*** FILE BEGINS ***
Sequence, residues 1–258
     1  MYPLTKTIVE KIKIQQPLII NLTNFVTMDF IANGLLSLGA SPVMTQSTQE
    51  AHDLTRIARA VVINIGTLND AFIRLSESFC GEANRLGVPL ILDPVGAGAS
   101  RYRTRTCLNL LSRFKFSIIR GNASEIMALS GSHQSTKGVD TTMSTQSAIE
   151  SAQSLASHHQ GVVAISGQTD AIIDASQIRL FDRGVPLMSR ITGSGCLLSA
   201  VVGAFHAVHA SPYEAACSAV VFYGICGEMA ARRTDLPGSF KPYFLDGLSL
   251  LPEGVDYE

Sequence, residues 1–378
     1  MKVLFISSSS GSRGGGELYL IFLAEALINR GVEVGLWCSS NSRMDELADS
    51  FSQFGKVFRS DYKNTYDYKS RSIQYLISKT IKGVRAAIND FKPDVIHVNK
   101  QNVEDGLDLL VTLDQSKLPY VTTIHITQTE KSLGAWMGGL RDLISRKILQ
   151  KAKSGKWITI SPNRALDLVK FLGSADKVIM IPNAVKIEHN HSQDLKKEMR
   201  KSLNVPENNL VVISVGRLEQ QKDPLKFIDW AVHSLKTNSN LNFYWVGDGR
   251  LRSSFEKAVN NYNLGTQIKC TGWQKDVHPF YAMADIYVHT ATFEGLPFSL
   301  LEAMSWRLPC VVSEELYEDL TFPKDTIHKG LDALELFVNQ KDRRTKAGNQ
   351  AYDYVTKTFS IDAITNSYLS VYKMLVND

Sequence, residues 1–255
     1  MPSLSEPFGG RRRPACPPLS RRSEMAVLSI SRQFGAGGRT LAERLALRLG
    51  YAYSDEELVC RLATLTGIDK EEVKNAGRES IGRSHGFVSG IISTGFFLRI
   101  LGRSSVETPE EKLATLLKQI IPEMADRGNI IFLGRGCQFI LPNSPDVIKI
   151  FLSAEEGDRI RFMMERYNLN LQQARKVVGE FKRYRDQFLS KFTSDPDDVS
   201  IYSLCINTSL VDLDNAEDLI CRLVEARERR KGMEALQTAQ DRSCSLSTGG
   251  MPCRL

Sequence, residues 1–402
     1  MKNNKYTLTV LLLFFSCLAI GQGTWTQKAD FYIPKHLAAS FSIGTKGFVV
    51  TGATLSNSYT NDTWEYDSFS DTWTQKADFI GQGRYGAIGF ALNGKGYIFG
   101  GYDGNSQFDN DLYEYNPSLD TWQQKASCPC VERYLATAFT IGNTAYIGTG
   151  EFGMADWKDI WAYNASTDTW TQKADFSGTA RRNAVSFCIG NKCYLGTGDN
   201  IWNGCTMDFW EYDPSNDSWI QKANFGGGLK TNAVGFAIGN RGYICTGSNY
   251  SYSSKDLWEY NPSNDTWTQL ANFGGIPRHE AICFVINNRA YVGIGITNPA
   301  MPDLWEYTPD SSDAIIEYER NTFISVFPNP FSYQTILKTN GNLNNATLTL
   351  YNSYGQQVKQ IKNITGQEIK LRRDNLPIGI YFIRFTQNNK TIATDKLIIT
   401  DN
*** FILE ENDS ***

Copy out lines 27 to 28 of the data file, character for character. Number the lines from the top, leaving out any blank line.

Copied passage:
   101  GYDGNSQFDN DLYEYNPSLD TWQQKASCPC VERYLATAFT IGNTAYIGTG
   151  EFGMADWKDI WAYNASTDTW TQKADFSGTA RRNAVSFCIG NKCYLGTGDN